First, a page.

Cervical cancer is a pressing global health concern that affects countless women. Understanding cervical cancer symptoms, causes, types, and available tests is crucial for early detection and effective treatment.
Did you know that according to WHO, cervical cancer ranks fourth among women worldwide, with approximately 604,000 new cases and 342,000 fatalities in 2020?
This blog explores the essential aspects of cervical cancer, providing valuable insights to protect your health.
Understanding Cervical Cancer
Cervical cancer grows in the cells of the cervix (the bottom part of the uterus connected to the vagina). It is one of the most common cancers affecting women worldwide.
To better understand this disease, let’s explore its types and their characteristics.
2 Types of Cervical Cancer
There are two main types of cervical cancer.
1. Squamous Cell Carcinoma
Squamous cell carcinoma is the most common type of cervical cancer, accounting for approximately 90% of cervical cancer cases. It originates from cells in the outer part of the cervix, known as the ectocervix.
This type develops from epithelial cells in the cervical canal and tends to be more aggressive.
Cervical cancer can have characteristics of both squamous cell carcinoma and adenocarcinoma. This is known as adenosquamous carcinoma or mixed carcinoma. Cancer develops in other cervix cells only very rarely.
Symptoms of Cervical Cancer
Recognizing cervical cancer symptoms is crucial for early detection and timely intervention.
The following are some common signs that may indicate the presence of cervical cancer.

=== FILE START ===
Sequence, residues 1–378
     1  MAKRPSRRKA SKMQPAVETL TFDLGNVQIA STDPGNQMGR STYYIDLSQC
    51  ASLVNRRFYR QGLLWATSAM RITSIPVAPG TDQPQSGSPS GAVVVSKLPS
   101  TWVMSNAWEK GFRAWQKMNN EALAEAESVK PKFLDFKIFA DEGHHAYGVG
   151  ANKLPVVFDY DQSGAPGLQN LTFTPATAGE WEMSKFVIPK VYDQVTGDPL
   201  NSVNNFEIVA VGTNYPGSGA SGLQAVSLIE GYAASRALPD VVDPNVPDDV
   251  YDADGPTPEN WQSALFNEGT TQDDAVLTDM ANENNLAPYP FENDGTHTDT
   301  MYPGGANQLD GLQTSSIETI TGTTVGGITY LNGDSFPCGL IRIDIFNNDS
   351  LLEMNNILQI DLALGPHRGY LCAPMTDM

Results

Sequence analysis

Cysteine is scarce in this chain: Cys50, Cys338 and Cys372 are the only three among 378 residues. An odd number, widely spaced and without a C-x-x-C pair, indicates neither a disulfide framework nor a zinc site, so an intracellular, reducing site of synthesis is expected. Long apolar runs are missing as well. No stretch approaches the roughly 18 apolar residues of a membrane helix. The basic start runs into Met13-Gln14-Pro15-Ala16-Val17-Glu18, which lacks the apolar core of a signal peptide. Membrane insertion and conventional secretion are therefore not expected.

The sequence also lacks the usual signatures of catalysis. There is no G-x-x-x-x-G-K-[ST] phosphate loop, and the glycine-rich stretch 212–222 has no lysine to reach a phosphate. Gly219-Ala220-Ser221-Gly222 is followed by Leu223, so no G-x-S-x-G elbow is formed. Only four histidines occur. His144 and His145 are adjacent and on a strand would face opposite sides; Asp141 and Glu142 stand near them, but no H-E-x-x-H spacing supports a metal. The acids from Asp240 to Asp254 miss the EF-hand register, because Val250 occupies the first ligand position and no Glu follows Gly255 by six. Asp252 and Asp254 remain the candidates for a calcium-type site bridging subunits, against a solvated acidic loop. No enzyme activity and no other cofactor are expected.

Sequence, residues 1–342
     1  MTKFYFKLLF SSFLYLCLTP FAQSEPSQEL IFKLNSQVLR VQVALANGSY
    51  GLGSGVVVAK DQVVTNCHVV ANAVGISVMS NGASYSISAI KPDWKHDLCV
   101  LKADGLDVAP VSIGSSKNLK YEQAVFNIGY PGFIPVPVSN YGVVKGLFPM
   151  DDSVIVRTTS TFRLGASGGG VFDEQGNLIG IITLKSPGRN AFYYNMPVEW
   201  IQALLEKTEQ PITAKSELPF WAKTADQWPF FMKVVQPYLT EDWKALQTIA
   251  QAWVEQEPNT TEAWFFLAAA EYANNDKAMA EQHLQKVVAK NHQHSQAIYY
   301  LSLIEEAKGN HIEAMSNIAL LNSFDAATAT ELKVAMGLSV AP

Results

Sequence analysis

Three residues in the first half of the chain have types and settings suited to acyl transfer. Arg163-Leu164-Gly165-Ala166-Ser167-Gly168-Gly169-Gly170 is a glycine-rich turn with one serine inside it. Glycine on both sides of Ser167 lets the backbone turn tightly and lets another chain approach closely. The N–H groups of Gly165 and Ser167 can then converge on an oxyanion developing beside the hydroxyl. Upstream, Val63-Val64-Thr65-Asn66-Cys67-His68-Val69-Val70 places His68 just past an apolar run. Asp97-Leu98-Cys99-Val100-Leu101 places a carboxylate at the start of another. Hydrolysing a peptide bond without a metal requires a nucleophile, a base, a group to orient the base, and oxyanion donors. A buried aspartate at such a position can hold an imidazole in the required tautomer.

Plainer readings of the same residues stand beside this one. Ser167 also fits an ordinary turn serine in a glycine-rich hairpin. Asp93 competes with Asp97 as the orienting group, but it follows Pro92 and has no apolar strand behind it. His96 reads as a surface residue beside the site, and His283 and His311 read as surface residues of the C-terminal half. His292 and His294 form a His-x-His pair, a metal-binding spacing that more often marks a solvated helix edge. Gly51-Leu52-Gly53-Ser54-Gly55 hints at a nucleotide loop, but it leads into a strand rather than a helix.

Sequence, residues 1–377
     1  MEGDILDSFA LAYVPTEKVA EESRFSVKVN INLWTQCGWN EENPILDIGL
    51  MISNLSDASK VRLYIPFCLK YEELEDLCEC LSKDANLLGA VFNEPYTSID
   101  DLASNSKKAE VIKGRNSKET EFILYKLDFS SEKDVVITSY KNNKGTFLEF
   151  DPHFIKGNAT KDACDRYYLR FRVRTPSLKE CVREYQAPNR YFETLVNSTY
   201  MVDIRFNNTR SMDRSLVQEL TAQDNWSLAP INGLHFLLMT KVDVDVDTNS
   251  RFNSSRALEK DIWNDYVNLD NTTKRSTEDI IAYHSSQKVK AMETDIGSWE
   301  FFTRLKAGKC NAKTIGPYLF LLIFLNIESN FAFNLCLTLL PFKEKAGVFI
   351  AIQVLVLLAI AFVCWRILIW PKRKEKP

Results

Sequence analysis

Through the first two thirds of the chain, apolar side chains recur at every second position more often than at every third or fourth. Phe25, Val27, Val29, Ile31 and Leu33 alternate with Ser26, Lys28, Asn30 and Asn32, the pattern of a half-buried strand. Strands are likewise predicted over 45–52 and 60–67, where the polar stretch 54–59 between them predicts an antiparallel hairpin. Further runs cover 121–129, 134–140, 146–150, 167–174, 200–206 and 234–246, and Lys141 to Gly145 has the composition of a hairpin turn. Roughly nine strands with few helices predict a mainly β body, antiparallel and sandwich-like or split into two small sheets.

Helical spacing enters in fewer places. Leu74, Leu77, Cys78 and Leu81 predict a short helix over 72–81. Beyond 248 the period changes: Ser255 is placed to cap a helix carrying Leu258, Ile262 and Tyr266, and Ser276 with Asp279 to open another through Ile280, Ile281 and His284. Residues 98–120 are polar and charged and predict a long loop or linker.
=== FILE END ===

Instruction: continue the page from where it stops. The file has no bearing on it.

1. Symptoms of Early-Stage Cervical Cancer
Early-stage cervical cancer may manifest with the following symptoms:
- Women of reproductive age may experience irregular blood spotting or light bleeding between periods.
- Postmenopausal women may have spotting or bleeding.
- Bleeding after sexual intercourse can occur.
- Increased vaginal discharge, sometimes with a foul smell.
2. Advanced Symptoms of Cervical Cancer
As cervical cancer advances, more severe symptoms may appear, including:
- Persistent back, leg, or pelvic pain
- Weight loss, fatigue, and loss of appetite
- Foul-smelling discharge and vaginal discomfort
- Swelling in one or both lower extremities
Causes and Risk Factors
Cervical cancer primarily occurs due to the persistent infection of high-risk types of human papillomavirus. Other factors can also contribute to the development of cervical cancer.
The following are the key causes:
- Persistent infection with high-risk types of HPV, especially HPV16 and HPV18
- Weakened immune system
- Early sexual activity
- Multiple sexual partners
- Use of oral contraceptives for an extended period
- Exposure to diethylstilbestrol (DES), a synthetic form of oestrogen, in the womb (rare cause)
Screening and Diagnostic Tests for Cervical Cancer
Many screening and diagnostic tests are available to help women detect cervical cancer early. These include:
- Pap smear: Collects cervical cells to identify abnormalities or precancerous changes.
- HPV testing: Checks for high-risk HPV strains associated with cervical cancer.
- Colposcopy: Examines the cervix using a magnifying instrument to detect abnormal areas.
- Biopsy: Removes tissue for microscopic examination to confirm cancerous cells.
- Imaging tests: MRI, CT scan, or ultrasound to assess cancer extent and stage.
Now that we have discussed the screening and diagnostic tests available for cervical cancer, let’s look at the available treatment options.
Treatment Options for Cervical Cancer
The cervical cancer treatment depends on the stage of the cancer, the patient’s overall well-being, and personal preferences. The following are the most common treatment options:
- Radiation therapy
- Targeted therapy
Uniting Against Cervical Cancer
Cervical cancer is a significant health concern that can be prevented through awareness, early detection, and vaccination against HPV. Understanding cervical cancer symptoms, risk factors, and available screening tests is crucial for women’s health.
At Ayu Health, we emphasize the importance of regular screenings and personalized care. By staying informed and taking proactive measures, we can work towards reducing the burden of cervical cancer and ensuring better outcomes for women worldwide.